The Monadnock Building (historically the Monadnock Block; pronounced mə-NAD-nok) is a 16-story skyscraper located at 53 West Jackson Boulevard in the south Loop area of Chicago. The north half of the building was designed by the firm of Burnham & Root and built starting in 1891. The tallest load-bearing brick building ever constructed, it employed the first portal system of wind bracing in America. Its decorative staircases represent the first structural use of aluminum in building construction. The south half, constructed in 1893, was designed by Holabird & Roche and is similar in color and profile to the original, but the design is more traditionally ornate. When completed, it was the largest office building in the world. The success of the building was the catalyst for an important new business center at the southern end of the Loop.Work out when and for how long to visit Monadnock Building and other Chicago attractions using our handy Chicago itinerary planner.
The building was remodeled in 1938 in one of the first major skyscraper renovations ever undertaken—a bid, in part, to revolutionize how building maintenance was done and halt the demolition of Chicago's aging skyscrapers. It was sold in 1979 to owners who restored the building to its original condition, in one of the most comprehensive skyscraper restorations attempted as of 1992. The project was recognized as one of the top restoration projects in the US by the National Trust for Historic Preservation in 1987. The building is divided into offices from 250 square feet (23 m2) to 6,000 square feet (560 m2) in size, and primarily serves independent professional firms. It was listed for sale in 2007.
The north half is an unornamented vertical mass of purple-brown brick, flaring gently out at the base and top, with vertically continuous bay windows projecting out. The south half is vertically divided by brickwork at the base and rises to a large copper cornice at the roof. Projecting window bays in both halves allow large exposures of glass, giving the building an open appearance despite its mass. The Monadnock is part of the Printing House Row District, which also includes the Fisher Building, the Manhattan Building, and the Old Colony Building.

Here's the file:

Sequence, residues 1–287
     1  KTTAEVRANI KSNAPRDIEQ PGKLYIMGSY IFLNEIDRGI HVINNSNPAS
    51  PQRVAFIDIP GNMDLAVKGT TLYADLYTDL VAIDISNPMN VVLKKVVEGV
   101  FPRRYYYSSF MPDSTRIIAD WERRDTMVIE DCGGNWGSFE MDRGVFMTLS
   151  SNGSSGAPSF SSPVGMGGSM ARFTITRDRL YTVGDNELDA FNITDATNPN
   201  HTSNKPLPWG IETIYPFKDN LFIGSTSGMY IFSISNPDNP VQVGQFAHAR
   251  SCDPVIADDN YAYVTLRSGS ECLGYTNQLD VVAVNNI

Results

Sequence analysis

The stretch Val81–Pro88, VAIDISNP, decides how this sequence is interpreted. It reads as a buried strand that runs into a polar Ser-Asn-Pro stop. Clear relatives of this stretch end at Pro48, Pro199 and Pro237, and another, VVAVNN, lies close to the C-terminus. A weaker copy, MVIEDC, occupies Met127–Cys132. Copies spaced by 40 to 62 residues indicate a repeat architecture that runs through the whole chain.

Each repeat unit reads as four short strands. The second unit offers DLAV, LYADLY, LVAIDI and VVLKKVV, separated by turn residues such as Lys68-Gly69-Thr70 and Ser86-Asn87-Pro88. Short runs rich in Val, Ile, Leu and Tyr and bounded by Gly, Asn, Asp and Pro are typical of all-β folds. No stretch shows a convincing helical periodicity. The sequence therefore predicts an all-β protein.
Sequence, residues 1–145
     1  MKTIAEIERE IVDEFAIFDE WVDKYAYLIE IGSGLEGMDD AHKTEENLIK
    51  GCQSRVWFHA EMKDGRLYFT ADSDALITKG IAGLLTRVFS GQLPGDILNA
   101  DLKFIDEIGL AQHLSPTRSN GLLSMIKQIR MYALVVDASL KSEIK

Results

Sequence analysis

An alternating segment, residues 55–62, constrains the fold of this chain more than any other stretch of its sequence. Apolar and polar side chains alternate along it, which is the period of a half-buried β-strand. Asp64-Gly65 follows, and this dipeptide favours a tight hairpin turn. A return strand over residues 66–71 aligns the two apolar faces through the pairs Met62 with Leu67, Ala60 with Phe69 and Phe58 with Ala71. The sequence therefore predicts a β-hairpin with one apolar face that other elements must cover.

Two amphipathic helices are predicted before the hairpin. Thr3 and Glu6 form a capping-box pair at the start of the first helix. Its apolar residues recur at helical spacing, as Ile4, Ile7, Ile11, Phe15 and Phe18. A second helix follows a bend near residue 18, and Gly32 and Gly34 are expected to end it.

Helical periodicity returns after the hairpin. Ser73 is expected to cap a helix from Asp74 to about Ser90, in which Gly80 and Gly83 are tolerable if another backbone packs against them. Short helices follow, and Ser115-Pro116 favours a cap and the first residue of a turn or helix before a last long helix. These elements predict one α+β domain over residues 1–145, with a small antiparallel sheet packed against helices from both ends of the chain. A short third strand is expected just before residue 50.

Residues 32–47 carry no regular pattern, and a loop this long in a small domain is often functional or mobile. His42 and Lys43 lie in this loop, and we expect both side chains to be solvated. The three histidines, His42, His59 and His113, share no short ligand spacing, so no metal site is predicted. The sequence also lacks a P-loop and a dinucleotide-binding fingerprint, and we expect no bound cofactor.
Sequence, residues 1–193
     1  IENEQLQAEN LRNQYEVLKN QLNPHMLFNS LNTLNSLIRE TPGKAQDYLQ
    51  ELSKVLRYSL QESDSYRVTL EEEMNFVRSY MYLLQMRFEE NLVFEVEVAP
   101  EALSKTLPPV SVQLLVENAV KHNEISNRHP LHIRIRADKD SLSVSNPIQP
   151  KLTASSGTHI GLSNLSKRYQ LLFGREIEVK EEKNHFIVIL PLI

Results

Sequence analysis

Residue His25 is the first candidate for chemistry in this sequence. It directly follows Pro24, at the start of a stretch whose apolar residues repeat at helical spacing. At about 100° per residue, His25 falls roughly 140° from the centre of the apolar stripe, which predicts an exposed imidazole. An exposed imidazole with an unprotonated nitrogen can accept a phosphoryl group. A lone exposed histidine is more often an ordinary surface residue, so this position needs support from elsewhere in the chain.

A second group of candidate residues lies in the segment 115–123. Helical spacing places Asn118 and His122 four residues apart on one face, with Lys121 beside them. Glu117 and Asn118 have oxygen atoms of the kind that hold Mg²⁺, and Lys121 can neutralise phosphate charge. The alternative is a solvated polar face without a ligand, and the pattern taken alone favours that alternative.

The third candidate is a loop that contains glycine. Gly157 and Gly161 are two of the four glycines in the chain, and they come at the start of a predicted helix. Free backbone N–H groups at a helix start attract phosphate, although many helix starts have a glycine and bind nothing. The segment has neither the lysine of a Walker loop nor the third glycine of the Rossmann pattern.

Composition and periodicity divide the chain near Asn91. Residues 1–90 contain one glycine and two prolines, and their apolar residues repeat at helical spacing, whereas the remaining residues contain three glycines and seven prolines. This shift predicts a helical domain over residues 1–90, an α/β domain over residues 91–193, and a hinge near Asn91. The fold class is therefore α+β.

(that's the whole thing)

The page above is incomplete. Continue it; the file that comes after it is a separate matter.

When it was built, many critics called the building too extreme, and lacking in style. Others found in its lack of ornamentation the natural extension of its commercial purpose and an expression of modern business life. Early 20th-century European architects found inspiration in its attention to purpose and functional expression. It was one of the first buildings named a Chicago Architectural Landmark in 1958. It was added to the National Register of Historic Places in 1970, and named as part of the National Historic Landmark South Dearborn Street – Printing House Row North Historic District in 1976. Modern critics have called it a "classic", a "triumph of unified design", and "one of the most exciting aesthetic experiences America's commercial architecture produced".
Monadnock Building reviews
We heard about this building on a tour. Loved to hear the history of. Tallest fully brick sky scraper, and so heavy they have to reinforced the foundation every year to prevent it from sinking... more »
Looking for an historic building to write a Chicago report on, this building was looked at. Marvelous architecture. more »
This building is incredibly impressive; a model of what every historic building in the city should be. The first floor is like stepping back in time, and everything is pristine. The shops are very fitting for this elegant place too. There are no corporate chains here, instead, one-of-a-kind shops. - Barber, men's and women's shoe stores, shoe shine, tobacco, sandwich, florist, cleaner/tailor, coffee, hat store.
It's great place to visit it's like walking about back in time the security officer there is very outstanding in customer service very friendly and very knowledgeable of the building history .
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